The invention of paper and parchment was a major breakthrough for allowing further development of visualizations. In the 16th century, techniques and instruments were developed for accurately measuring physical quantities, geographic and celestial positions. With the development of analytic geometry and two-dimensional coordinate system by Rene Descartes and Pierre de Fermat, they have influenced the methods we use to display and calculate data values.

Fermat teamed up with Blaise Pascal and their work on statistics and probability theory laid the foundation for what conceptualize as data. John Tukey and Edward Tufte's work in refining data visualization techniques allowed for this field to be inhabited by more than just the people in the Statistics field. As this technology progressed, hand-drawn visualizations evolve into software visualizations. Software visualization applications have the ability to visualize in 2D, 3D, virtually reality and augmented reality. There are a wide range of programs for visualization that have been developed: Tableau, Zeppelin, AtScale, R, Python, Superset.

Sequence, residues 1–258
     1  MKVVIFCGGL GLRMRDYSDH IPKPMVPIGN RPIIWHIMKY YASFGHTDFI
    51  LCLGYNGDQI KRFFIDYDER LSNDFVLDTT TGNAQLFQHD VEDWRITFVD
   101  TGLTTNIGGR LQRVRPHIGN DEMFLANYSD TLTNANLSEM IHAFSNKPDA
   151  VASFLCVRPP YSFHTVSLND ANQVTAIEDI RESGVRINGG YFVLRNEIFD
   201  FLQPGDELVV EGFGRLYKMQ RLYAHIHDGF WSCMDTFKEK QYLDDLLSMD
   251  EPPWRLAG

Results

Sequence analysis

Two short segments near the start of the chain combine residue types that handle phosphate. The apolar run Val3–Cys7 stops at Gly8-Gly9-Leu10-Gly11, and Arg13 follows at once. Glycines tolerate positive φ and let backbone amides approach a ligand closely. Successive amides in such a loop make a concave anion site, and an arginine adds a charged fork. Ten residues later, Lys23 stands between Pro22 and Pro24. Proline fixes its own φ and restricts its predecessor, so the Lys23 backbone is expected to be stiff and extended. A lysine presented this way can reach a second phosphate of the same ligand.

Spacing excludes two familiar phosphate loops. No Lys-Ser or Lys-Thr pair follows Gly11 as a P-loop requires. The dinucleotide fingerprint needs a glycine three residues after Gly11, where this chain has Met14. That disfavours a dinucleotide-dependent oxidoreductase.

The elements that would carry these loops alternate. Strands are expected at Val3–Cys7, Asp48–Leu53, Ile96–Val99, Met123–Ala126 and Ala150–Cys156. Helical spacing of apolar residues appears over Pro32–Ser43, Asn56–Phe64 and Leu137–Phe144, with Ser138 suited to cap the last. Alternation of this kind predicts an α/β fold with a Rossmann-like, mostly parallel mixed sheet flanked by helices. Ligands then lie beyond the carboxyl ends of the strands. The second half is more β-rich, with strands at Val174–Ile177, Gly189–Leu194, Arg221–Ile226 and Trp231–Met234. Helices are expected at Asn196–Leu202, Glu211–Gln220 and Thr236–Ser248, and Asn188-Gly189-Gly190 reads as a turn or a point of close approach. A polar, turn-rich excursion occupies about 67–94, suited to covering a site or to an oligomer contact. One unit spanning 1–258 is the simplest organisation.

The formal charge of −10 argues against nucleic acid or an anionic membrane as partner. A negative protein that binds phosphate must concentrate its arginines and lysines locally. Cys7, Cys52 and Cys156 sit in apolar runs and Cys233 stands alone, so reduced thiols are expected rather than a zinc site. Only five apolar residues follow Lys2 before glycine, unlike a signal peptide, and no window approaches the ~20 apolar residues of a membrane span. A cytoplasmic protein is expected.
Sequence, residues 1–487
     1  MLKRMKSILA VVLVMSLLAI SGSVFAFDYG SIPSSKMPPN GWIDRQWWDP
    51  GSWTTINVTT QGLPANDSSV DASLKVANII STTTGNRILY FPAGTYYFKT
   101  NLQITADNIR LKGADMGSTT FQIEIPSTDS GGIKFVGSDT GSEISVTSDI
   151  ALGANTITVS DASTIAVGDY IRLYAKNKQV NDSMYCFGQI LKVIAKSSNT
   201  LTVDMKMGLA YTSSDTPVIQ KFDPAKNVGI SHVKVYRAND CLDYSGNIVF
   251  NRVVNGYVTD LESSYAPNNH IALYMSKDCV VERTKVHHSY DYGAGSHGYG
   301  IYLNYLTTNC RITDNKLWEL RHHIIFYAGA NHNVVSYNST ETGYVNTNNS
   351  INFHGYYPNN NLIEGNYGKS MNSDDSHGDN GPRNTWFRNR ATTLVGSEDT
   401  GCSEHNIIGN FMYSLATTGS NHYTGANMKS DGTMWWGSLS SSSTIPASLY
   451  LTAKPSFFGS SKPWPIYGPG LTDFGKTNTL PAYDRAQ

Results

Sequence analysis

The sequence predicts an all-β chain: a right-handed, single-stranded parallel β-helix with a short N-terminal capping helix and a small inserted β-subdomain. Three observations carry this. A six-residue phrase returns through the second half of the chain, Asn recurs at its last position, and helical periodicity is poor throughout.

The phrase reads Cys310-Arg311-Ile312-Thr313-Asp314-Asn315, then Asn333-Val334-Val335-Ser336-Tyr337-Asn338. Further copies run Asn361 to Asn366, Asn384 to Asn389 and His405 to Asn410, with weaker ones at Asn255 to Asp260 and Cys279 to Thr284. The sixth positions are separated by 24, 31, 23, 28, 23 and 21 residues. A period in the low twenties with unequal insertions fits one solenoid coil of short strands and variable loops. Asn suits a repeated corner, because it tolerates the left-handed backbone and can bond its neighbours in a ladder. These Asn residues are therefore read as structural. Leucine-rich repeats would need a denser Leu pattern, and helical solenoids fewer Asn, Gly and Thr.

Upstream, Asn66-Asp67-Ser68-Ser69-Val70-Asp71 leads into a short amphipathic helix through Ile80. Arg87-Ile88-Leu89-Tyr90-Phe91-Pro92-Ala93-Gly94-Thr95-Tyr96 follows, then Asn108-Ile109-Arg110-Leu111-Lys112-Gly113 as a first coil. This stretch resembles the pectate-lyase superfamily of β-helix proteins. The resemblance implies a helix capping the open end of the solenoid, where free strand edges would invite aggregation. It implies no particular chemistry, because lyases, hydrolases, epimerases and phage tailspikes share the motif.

Why use Superset?

Superset has an easy to use interface for exploring and visualizing data with integration for various databases (we'll use Druid). Superset has a rich set of visualizations and gives the user the ability to create dashboards to categorize your data tables. Superset also allows users to create visualization slices, which represent the actual visualization of the data table, and select the appropriate dashboard for their slice. Superset is enterprise-ready, extensible and has a high granularity security/permission model that allows intricate rules on who can access individual features and the dataset.

Visually predict truck breakdowns and visually analyze driver habits on separate maps all to prevent drivers from getting into accidents

Superset Terminology

  • 1. Sources: allows users to view databases, tables, druid clusters, druid datasources and

  • 2. Slices: graphical representations of the druid datasources that deliver a particular message about the data in the table to the customer

  • 3. Dashboards: group visualization slices together into particular categories, such as Trucking IoT, Weather IoT, Agriculture IoT, etc.


We're now familiar with how Apache Superset ties into our Trucking IoT Application, let's see Superset in action and create some visualization slices of our data.

Further Reading